H. Robert (Bob) Bergen III, Ph.D., is developing novel clinical tests utilizing mass spectrometry as a detector. This work has involved the analysis of serum proteins associated with carbohydrate-deficient glycoprotein syndrome (associated with transferrin), familial amyloidosis (associated with transthyretin) and simultaneous quantitation and variant identification in alpha-1-antitrypsin deficiency.
Dr. Bergen developed a proteomics-based test to identify the pathological protein in amyloid plaques using laser capture microdissection to isolate the protein from tissue biopsies. Correct identification of the amyloid protein allows for a variety of appropriate treatments, including liver transplantation or chemotherapy, highlighting the importance of correct diagnosis.
- Mass spectrometry-based clinical tests. Dr. Bergen utilizes mass spectrometry to analyze proteins and peptides useful for the diagnosis and characterization of disease. This work includes the analysis of intact proteins, post-translational modifications and small polypeptides. His laboratory has been successful in translating mass spectrometry-based analyses into clinical assays for the characterization of proteins related to disease.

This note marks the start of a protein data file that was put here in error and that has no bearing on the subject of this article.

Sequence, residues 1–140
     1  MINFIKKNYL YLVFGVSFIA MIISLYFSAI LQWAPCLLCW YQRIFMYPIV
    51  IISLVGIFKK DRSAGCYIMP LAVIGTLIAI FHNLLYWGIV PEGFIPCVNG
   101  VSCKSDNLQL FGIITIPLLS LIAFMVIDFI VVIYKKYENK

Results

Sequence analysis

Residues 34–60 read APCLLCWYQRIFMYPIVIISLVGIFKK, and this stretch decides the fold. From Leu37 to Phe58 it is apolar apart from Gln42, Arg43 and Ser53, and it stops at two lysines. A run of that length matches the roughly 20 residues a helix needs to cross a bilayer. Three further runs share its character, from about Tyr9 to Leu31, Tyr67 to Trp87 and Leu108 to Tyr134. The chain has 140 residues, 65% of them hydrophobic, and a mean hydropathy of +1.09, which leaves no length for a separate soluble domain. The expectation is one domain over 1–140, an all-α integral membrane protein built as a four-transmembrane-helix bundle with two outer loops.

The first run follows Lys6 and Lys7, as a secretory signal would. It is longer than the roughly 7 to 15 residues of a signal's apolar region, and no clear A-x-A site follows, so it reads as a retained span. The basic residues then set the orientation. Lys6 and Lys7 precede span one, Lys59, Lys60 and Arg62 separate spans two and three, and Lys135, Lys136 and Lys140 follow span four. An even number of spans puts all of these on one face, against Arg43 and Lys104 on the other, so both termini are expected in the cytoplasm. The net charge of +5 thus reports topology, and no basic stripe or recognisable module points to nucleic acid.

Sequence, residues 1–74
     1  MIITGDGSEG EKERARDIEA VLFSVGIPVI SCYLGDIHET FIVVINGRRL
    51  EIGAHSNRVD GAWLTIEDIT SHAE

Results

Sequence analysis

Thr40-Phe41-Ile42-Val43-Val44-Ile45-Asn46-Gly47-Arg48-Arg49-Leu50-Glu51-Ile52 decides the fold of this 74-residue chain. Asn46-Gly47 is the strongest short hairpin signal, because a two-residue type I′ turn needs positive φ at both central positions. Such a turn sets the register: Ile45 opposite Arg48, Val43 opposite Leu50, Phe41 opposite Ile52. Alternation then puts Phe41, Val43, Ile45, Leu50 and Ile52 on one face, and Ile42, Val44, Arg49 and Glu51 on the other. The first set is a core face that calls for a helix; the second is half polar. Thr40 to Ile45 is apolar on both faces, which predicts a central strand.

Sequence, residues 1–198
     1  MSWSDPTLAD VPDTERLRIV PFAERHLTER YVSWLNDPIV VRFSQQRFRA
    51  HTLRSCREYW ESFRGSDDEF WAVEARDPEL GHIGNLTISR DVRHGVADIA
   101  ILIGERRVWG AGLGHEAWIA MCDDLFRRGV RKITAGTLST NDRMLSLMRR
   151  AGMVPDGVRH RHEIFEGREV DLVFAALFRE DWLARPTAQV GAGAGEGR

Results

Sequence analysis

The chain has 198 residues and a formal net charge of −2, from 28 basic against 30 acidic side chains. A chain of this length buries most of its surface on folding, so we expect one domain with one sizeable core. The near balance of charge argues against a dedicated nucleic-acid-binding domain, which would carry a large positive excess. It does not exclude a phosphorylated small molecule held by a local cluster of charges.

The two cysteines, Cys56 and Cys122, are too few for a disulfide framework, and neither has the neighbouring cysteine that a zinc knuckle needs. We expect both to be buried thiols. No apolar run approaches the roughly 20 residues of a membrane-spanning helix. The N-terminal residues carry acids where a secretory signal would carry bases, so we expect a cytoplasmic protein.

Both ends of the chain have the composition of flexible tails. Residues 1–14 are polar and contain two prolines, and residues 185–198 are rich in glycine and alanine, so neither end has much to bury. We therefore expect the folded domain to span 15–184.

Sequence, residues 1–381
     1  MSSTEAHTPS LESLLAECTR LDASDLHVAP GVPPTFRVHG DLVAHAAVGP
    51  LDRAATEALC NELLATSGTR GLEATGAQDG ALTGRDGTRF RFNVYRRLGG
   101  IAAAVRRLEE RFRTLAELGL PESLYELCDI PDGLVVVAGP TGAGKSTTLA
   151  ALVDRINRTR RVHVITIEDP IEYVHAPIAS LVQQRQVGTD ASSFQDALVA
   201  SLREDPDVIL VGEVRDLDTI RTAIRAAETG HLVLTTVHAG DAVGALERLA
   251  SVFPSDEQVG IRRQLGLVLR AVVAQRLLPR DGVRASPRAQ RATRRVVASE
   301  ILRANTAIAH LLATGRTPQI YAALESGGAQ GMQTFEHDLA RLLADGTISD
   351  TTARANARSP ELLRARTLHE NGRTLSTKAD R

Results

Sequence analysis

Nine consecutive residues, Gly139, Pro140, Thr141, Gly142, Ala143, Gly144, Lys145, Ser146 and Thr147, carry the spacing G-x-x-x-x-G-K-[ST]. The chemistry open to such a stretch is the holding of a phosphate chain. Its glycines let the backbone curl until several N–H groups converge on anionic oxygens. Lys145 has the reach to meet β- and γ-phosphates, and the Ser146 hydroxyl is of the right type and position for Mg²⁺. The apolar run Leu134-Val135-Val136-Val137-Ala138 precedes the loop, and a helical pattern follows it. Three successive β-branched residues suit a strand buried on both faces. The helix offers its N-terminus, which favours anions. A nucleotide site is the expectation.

- Multiple myeloma. Measurement of minimal residual disease (MRD) in multiple myeloma currently requires a bone marrow biopsy for sensitive diagnosis. Dr. Bergen is developing a sensitive MRD test using only a venous blood sample, thus avoiding the cost and pain of the bone marrow sample collection process.
- Biomarker discovery. Additional ongoing research involves developing new tools to detect low abundance proteins indicative of disease. Low abundance proteins will be the most successful candidates for early detection of disease.
Significance to patient care
Correct diagnosis is the first step in treatment of any disease. Mass spectrometry affords diagnostic tests with excellent sensitivity, specificity and precision. Development of these tests will allow more accurate diagnosis, and detection of disease remission. Additionally, mass spectrometry allows multiple analytes — for example, multiple disease markers — to be measured during the course of one analysis.